Just like in relationships, it’s also possible start off on the wrong foot when getting acquainted with a country.  Perhaps one party doesn’t put forward its best face, and you end up not much liking each other.

So it was with China.  We met her at one of her least attractive moments.    Our first glimpse was not of picturesque villages and pastoral farms, rather of blackened buildings, squalid streets and pollution spewing factories.

Dogs and chickens slugging it out for the days' remains.
This is the China we were in search of.

Expecting the worst

It was with low expectations that we boarded the Cosco Star in Taiwan for the overnight voyage back to the Mainland.  Taiwan had been, well, fun.  China was just plain hard work.

Thanks to the calm seas of the Taiwan Strait, we awoke surprisingly refreshed after our night at sea.  There had been no puking outside the cabin during the night, and the toilets and passageways could be navigated without having to watch one’s step.

As we docked in Xiamen and the friendly Cosco Star crew bade us goodbye, I felt energized and optimistic.   Ready to take on China for a second round.

Ready for raw sewage and heaping piles of rubbish.  Ready for maniacs behind the wheels of coal trucks  edging me off the road.  Ready for swarms of scooters weaving in and out, hawkers darting unexpectedly onto the road and feral dogs giving chase.

My kind of surprise

Sure, we got some of that.  But what we also discovered was a land of almost enchanted beauty.  I don’t want to wax too lyrical here, but some of China’s landscapes are stunning.  Amazing, awe-inpiring, jaw-droppingly beautiful.

It just takes a little effort to find the magic.

Actually, finding your way anywhere takes a fair amount of effort in China.  Roads criss-cross the country like the varicose veins in my over-worked calves.

Give me space

After the thick succession of coastal cities, all I wanted was to ride anywhere with a population density lower  than that of Manhattan.

We set out in search of Hakka Houses.  That is the roundhouses of the Hakka people surrounded by what is reputed to be some of China’s most beautiful rural scenery.

Perhaps if we'd spent more time planning, we'd have found more than just one.
The cozy interior of a Hakka House

Maybe not the best way

Now, I’ve never been much into planning.  A peek at the Lonely Planet for some not-to-be-missed highlights, a cursory review of a few bicycle touring blogs and a brief glance at the map and I’m ready to hit the road.

This approach, needless to say, has its shortcomings.

In the case of the Hakka Houses, the downside is that we managed to stumble upon exactly one Hakka House.

At least one advantage

The upside of the lets-not-really-plan approach is that we wandered into some far-flung villages on our quest to find the Hakka Houses.  Stunning villages, I might add, where the locals stared in awe at the very presence of two foreigners on bicycles in their remote corner of the planet.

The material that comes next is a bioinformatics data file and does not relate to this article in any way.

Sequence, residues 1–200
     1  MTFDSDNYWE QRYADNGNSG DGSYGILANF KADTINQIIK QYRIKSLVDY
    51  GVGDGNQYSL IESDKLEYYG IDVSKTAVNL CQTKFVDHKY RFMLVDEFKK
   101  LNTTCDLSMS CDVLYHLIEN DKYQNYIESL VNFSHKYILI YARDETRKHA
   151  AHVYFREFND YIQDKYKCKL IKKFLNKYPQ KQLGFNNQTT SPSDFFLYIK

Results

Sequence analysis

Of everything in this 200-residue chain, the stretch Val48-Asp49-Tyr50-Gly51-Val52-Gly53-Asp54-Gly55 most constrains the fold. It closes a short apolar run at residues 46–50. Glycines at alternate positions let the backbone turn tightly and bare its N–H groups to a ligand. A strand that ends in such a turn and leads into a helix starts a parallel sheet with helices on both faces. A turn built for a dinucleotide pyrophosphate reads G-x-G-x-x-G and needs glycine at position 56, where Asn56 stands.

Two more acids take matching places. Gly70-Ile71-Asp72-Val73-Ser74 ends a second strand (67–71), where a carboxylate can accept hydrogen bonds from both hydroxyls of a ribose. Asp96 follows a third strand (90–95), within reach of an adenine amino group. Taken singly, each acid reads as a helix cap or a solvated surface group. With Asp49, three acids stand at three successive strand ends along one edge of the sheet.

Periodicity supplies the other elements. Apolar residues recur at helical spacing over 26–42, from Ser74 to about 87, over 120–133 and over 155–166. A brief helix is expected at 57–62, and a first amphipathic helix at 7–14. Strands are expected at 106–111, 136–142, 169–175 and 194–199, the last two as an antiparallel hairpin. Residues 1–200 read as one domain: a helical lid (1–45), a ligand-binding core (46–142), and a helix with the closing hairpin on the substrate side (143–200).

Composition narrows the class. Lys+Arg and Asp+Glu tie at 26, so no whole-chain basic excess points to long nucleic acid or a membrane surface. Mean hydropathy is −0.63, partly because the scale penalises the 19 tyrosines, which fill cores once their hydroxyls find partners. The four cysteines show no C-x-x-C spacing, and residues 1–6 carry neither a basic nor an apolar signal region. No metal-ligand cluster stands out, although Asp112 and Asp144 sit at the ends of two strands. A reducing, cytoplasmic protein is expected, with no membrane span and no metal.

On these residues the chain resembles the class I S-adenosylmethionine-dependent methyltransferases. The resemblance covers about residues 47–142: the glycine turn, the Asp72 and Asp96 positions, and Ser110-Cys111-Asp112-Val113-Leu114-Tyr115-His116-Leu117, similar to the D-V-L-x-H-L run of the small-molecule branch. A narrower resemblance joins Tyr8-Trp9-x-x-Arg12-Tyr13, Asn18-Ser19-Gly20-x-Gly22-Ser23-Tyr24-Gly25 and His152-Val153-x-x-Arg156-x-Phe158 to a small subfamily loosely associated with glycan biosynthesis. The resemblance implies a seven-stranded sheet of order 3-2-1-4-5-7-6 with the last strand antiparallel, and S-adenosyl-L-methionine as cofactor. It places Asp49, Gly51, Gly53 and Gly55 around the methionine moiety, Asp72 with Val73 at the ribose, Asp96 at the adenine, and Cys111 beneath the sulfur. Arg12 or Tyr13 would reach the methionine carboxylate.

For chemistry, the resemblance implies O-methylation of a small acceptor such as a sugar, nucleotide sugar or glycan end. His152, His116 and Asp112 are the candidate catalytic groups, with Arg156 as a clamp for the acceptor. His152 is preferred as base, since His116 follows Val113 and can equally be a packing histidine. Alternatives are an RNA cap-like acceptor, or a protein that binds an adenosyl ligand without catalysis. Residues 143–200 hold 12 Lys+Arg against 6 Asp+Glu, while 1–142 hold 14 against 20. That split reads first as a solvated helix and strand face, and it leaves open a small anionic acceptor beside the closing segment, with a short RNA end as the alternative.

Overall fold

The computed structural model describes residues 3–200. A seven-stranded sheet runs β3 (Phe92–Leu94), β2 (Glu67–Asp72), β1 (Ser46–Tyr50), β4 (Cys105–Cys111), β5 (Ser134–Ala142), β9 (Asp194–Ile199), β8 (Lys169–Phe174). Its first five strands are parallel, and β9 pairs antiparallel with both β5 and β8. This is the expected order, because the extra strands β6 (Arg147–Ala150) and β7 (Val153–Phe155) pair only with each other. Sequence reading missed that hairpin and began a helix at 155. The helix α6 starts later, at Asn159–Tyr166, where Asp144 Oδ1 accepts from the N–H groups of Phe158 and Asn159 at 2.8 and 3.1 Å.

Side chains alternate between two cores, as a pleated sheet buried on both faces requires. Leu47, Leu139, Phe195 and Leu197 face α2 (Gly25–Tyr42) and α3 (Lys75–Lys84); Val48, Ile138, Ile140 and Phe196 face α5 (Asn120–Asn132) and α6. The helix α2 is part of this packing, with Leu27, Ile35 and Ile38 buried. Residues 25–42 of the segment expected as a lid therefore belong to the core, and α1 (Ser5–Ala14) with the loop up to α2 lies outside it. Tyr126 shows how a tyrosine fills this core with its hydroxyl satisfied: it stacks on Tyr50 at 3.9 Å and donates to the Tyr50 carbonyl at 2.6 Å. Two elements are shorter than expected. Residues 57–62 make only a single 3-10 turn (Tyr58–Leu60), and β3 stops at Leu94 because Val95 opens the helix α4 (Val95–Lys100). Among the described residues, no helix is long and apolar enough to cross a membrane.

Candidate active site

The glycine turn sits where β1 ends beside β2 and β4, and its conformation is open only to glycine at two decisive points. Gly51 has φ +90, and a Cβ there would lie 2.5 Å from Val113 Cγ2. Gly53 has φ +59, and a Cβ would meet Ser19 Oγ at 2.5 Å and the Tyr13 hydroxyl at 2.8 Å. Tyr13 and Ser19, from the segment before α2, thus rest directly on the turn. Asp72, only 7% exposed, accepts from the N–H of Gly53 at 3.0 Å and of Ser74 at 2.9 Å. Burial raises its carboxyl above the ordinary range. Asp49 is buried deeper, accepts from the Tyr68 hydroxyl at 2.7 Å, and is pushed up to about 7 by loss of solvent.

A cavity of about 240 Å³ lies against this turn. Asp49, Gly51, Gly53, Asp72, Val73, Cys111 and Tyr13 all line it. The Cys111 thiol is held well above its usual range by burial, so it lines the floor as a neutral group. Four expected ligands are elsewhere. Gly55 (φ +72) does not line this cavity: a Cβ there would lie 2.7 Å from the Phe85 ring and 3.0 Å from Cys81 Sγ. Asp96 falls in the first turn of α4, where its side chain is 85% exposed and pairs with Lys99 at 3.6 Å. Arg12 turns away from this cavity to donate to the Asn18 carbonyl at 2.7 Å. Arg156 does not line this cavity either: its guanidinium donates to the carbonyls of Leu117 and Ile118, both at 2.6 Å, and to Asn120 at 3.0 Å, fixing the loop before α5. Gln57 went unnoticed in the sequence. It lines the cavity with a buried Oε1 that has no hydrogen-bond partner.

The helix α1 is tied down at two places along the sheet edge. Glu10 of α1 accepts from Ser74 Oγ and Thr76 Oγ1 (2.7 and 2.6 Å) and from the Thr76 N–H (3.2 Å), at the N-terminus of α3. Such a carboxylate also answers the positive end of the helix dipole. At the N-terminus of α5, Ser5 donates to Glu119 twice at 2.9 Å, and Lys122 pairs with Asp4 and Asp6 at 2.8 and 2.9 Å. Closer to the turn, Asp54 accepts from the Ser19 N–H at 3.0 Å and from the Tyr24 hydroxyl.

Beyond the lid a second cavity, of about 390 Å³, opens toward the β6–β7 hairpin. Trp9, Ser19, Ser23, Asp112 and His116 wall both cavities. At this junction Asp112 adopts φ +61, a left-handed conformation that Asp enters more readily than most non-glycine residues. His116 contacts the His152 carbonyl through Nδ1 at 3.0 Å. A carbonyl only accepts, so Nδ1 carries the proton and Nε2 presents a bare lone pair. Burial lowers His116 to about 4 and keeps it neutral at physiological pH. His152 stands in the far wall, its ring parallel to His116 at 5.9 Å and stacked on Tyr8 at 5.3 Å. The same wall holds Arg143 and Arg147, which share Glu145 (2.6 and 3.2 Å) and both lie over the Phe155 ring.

The quiet and calm of village life.



Most villagers were friendly and our efforts at Chinese (still pretty much limited to Nín hǎo and xie xie…hello and thank you respectively) were meet with appreciative smiles.  Others scowled.  “Foreign Devils,” they were probably thinking.


One of the many friendly faces in the crowd.
This manwas impressed by our ability to speak Chinese!


Here’s what it’s like

In your average provincial market in China, most everything is for sale.  You’ll find chicken feet and duck  liver sausage for the hungry, hoes and plant seeds for the industrious, ancient remedies for those fretting about their health and everything from hand-knitted slippers to shoddy knock-offs of trendy attire or those in search of clothing.


A treat for meat eaters.
Something for the industrious...and there certainly are plenty of those in China.


Handmade slippers for sale.

I’m just afraid not many sales took place once we pedaled into town.   Everybody was too busy gawking  to think about consuming.

In the countryside, villagers painstakingly tend tiny plots of land.  Watering is done note with an intricate irrigation system or even a high powered hose.  It’s done by hand.  Buckets of water balanced on broad shoulders are brought to distant fields and then sprinkled on thirsty vegetables.


Looking forward to running into more of these types of curious and kind locals.

I hope it lasts

It has been great fun exploring this side of China.  A side of China I love.  The quaint side where life passes at a slower pace.  I’m sure obnoxious China will rear her ugly head soon enough.  So for now, I’m making the most of the bucolic beauty that surrounds me.

I’m glad I didn’t give up on China.  Let first appearances color the entire relationship.  China and I will be together for several thousand more kilometers and I only hope my fondness of the motherland grows stronger with each turn of the wheels.


Falling in (and out!) of love with China

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